The Life and Times of Urgel Carpentier Industry has great respect for education. To be successful in a field like engineering you need to be highly trained. An eighth-grade dropout working in that capacity? That’s impossible. But Urgel Carpentier proved it wasn’t Carpentier, born in Lacolle, Quebec in 1911, moved with his family to the North Country in 1922. He attended school in Chazy, but dropped out at a young age. Along the way he earned what we now call a GED, but had no further formal education.

As a young man he worked at the Pal Blade Company which manufactured blades for safety razors at its factory on River Street in Plattsburgh – now Durkee Street. There he worked his way up from machinist to manager of production.

After a brief stint at similar companies in Brooklyn and Bethlehem, Pennsylvania, he returned to Plattsburgh and spent the rest of his career with Plattsburgh Foundry, now Plattco. There he served as Vice President of Engineering and Vice President of the Plattco Corporation. During his tenure he developed and held patents on several innovative products, including the World Renowned dust valve used originally in the mining industry and now in pollution abatement equipment all over the world.

Urgel Carpenter worked at Plattco until he was well into his 80s, leading, innovating and inspiring others until his retirement in the 1990s.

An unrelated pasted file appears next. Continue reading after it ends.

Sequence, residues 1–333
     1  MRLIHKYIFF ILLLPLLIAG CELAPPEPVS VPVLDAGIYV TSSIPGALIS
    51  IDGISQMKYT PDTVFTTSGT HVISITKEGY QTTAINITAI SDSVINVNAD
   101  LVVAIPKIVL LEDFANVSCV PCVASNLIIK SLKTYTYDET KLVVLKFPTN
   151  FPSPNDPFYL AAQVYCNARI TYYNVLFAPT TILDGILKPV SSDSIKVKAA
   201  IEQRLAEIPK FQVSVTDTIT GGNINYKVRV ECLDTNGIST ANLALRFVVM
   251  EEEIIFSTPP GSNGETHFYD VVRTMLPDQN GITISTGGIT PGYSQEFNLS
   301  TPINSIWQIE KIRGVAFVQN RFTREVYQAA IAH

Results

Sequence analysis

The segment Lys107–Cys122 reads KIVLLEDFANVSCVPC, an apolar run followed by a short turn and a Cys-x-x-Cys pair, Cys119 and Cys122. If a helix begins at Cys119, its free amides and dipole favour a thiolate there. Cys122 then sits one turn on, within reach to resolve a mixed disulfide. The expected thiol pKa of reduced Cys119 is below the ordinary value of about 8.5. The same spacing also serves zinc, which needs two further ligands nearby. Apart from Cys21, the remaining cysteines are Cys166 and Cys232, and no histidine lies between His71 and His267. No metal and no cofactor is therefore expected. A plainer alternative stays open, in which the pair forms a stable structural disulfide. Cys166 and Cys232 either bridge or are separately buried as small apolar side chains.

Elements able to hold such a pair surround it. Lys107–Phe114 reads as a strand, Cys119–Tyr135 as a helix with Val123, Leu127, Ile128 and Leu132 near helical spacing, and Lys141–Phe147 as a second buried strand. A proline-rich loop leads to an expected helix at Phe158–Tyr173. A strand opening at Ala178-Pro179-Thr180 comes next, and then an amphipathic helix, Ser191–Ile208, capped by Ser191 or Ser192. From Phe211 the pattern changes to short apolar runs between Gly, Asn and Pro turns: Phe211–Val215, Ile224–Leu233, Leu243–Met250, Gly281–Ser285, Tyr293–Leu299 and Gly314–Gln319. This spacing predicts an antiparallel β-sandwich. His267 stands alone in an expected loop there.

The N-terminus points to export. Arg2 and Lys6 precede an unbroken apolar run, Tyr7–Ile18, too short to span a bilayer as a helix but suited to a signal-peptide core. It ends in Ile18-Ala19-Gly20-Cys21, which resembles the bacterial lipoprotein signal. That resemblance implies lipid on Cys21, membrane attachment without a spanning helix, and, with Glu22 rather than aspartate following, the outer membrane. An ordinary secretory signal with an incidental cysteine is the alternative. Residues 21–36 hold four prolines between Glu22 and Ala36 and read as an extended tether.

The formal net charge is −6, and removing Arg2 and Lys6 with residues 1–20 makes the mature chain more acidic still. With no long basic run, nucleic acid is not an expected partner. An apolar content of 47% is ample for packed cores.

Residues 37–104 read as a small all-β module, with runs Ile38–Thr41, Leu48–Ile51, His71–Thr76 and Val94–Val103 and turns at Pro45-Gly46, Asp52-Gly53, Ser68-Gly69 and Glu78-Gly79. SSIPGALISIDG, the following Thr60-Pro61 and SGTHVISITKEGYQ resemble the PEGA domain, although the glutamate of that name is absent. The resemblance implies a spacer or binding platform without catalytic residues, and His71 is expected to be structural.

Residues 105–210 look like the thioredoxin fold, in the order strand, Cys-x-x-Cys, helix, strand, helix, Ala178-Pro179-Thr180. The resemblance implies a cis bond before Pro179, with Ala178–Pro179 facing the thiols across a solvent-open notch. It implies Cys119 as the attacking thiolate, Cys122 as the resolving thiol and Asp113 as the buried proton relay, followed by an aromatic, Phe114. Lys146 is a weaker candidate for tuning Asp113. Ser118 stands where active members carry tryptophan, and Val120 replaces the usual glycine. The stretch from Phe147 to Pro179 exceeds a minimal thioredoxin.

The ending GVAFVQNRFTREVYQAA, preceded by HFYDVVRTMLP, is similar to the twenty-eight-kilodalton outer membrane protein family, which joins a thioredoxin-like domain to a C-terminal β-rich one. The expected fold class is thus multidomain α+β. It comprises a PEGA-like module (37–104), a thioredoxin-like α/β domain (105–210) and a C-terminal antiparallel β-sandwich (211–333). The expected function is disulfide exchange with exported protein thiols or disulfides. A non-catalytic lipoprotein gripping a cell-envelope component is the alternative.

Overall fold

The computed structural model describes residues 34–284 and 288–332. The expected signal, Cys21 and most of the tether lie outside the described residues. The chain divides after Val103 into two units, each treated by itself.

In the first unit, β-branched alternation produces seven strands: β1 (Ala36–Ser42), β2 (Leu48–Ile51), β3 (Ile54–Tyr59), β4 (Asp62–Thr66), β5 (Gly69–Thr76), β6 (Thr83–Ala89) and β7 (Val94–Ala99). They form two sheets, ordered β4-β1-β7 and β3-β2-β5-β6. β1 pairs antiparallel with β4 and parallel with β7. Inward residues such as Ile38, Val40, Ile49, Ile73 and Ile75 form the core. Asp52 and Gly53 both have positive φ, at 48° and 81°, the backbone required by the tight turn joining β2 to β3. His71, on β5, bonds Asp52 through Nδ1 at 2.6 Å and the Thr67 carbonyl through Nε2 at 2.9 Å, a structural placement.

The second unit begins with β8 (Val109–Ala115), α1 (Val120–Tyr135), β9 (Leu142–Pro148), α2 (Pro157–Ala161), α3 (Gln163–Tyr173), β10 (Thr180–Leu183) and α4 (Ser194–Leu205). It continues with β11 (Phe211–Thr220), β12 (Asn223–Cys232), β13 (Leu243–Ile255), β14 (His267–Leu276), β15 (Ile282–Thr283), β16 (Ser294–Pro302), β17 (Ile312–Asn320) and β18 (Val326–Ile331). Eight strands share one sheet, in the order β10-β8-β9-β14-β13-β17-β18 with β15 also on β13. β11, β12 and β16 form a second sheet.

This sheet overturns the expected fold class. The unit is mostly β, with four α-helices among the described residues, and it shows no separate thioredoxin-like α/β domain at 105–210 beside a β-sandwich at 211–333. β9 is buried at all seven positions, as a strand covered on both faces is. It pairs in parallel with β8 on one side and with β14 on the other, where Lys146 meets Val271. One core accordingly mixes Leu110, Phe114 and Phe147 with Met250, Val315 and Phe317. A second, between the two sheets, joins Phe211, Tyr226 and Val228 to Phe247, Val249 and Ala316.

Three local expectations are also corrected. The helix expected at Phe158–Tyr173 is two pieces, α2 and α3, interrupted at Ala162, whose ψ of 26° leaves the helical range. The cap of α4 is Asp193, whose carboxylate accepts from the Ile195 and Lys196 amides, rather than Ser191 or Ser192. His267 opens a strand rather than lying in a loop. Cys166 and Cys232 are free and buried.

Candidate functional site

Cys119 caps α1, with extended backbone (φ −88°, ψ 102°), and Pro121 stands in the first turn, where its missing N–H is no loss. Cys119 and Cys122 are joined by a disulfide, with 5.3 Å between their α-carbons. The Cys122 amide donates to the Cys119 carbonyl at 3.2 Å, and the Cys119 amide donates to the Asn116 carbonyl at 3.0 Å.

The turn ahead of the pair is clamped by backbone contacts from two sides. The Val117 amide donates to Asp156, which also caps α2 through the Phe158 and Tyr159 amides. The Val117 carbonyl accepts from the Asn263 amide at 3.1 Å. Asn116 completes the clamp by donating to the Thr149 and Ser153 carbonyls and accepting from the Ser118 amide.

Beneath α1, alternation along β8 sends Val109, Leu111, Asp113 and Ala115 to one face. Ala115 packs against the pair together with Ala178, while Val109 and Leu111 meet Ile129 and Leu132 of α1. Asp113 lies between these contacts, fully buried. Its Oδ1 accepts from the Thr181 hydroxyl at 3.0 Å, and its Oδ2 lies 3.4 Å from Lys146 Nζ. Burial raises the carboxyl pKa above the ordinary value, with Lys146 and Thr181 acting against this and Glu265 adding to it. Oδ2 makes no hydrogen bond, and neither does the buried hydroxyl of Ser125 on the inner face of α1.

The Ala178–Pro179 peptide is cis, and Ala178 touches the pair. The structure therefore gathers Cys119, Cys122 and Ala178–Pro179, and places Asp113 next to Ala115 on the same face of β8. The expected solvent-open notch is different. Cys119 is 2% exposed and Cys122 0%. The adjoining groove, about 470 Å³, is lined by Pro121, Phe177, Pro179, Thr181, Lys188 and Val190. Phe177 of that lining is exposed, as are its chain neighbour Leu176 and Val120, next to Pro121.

Ralph Coon, President & CEO of Plattco When I joined Plattco four years ago, one of the first things that was obvious was the impact that history, experience and perseverance had on the company’s culture. From the family atmosphere that started with the Guibords, to the commitment to endure and succeed that came from emergence from bankruptcy, the company culture is one of strength and purpose while also having a focus on family, community and life /work balance.

Continuous operations in pouring metal for over 125 years keeps us grounded in our past successes and challenges. Welcoming new generations and partners to our team challenges us to grow and keep innovating as we look to the future.

Plattco Corporation Plattco is a proud Plattsburgh based community of employees that continue to build on the accomplishments of our predecessors. We have learned to look for creativeness and innovation in nontraditional spaces, just like Urgel Carpentier. Our success comes from ensuring our customers receive more than they expect and have a partner while they move toward success for themselves.

An element of Plattsburgh Foundry’s history can be found in its logo — a Hessian soldier – which recognizes the 30,000 mercenaries who fought with the British during the American Revolutionary War. The Guibords bought the 100-year-old Hessian soldier pattern in 1897 – the company’s first year in business. The idea was to create fireplace andirons for people to burn in effigy. Word of mouth quickly spread about the Foundry’s quality and attention to detail and customers began to ask them to cast other items. From there the Hessian soldier was adopted as a logo to honor the quality of products Plattsburgh Foundry creates and exports worldwide, and it has remained so ever since.

Plattco 17 White Street Plattsburgh, NY 12901 518 563-4640 www.plattco.com